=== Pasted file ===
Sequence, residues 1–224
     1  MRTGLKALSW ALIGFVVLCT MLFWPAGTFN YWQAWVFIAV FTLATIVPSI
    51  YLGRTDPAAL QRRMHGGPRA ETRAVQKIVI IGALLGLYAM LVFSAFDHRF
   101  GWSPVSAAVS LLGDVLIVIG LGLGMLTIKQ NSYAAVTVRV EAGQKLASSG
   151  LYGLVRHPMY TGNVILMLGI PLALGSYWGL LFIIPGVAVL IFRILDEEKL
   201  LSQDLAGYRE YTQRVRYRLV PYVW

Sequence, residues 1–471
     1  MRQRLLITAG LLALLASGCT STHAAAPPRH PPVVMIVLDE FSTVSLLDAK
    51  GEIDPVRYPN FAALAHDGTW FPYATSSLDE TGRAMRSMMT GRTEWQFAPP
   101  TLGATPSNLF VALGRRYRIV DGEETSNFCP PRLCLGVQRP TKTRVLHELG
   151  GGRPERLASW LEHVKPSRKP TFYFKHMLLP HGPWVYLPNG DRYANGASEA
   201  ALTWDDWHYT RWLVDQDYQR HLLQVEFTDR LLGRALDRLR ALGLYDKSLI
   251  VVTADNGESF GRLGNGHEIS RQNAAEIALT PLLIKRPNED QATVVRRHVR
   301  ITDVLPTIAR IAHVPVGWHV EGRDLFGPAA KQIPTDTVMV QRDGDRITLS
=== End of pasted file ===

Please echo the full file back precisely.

Sequence, residues 1–224
     1  MRTGLKALSW ALIGFVVLCT MLFWPAGTFN YWQAWVFIAV FTLATIVPSI
    51  YLGRTDPAAL QRRMHGGPRA ETRAVQKIVI IGALLGLYAM LVFSAFDHRF
   101  GWSPVSAAVS LLGDVLIVIG LGLGMLTIKQ NSYAAVTVRV EAGQKLASSG
   151  LYGLVRHPMY TGNVILMLGI PLALGSYWGL LFIIPGVAVL IFRILDEEKL
   201  LSQDLAGYRE YTQRVRYRLV PYVW

Sequence, residues 1–471
     1  MRQRLLITAG LLALLASGCT STHAAAPPRH PPVVMIVLDE FSTVSLLDAK
    51  GEIDPVRYPN FAALAHDGTW FPYATSSLDE TGRAMRSMMT GRTEWQFAPP
   101  TLGATPSNLF VALGRRYRIV DGEETSNFCP PRLCLGVQRP TKTRVLHELG
   151  GGRPERLASW LEHVKPSRKP TFYFKHMLLP HGPWVYLPNG DRYANGASEA
   201  ALTWDDWHYT RWLVDQDYQR HLLQVEFTDR LLGRALDRLR ALGLYDKSLI
   251  VVTADNGESF GRLGNGHEIS RQNAAEIALT PLLIKRPNED QATVVRRHVR
   301  ITDVLPTIAR IAHVPVGWHV EGRDLFGPAA KQIPTDTVMV QRDGDRITLS